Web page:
T Nation

Dramatic Performance on Film?


Some of you guys know I LOVE film and its history (we need to discuss it more! Used to all the time with Pat…!)

Anyway…some buffs asked me what I thought were my top dramatic performances on Film. I mentioned Denzel Washington in “Courage Under Fire” and Howard Rollins in “A Soldiers Story” and “Ragtime”. We discussed…its was fun.

But they went completely BATshit when I mentioned one of my Top 5 being Ricardo Montalban in “Star Trek II; The Wrath of Khan”.

Film buffs (AND the Academy) tend to be a somewhat “snooty” group… and Sci-Fi will NEVER get it’s due. I gave them this challenge; Go rent the film; open your mind; and look at it as purely a dramatic performance by an actor. (It really is good!)

Thoughts?

Do any of you have Top dramatic performances?

(P.S. We got into a BIG discussion about Pacino in “ScarFace”…I just couldn’t get past the Big Hair/80’s Vibe/BAD accent of Pacino…and “Say 'ello to my Little Friend…!” stuff!)

By the way…

There wasn’t a lot of disagreement that you couldn’t begin any SERIOUS discussion on Female performances until you had seen Ingrid Bergman in “Casablanca” and “Joan of Arc”.

Mufasa


What I shared with the Group about Denzel was this…

He has that rare quality among actors where he can get across emotion without saying a word…and probably can portray the “tortured soul” (“Courage Under Fire”; “Man On Fire”) better than any Actor today.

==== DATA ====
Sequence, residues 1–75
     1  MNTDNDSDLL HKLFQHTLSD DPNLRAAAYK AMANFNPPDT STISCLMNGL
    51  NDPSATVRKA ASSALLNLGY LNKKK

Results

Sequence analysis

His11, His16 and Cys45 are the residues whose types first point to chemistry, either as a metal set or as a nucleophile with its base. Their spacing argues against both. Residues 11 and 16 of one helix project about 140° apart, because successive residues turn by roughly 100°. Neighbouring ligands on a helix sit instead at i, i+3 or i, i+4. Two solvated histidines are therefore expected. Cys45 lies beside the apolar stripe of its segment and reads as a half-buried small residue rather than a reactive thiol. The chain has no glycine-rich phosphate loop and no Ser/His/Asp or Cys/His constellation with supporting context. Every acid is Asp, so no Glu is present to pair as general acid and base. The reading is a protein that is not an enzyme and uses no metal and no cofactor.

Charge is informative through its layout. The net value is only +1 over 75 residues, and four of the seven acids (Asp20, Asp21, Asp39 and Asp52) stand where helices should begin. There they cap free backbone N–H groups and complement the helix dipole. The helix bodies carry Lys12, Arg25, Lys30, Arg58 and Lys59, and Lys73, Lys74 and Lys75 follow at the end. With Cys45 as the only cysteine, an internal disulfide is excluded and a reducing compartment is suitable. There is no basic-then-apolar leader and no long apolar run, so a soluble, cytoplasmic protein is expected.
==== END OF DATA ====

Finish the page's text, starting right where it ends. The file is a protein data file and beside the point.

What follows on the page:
American Gangster” (coming out in November with Russell Crowe) is a “must-see” for me…

Mufasa

Good topic. And I agree about Ricardo Montalban in Star Trek 2. That was also the closest thing to descent acting that William Shatner ever did. Or maybe it was just such a damn good movie that it made his acting seem better.

I don’t have a favorite, but a lot of favorites.

Eli Wallach in The Good the Bad and The Ugly. He totally dominated that movie, which was no small feat as he co-starred with Clint Eastwood and Lee Van Cleef.

John Wayne in The Searchers.

Jean Gabin in The Grand Illusion. The most “un-french” frenchman there ever was.

Max von Sydow in The Seventh Seal. The movie defined artsy, but his acting was still damn good.

Jon Finch in the Pollansky 1971 MacBeth. Ok, his acting was weak at times. But the end, when he realizes he’s alone in the world, and decides to die like a man, that got me so hyped. And I’ll be damned if Oliver Stone didn’t get the inspiration for the ending of Scar Face from the '71 MacBeth.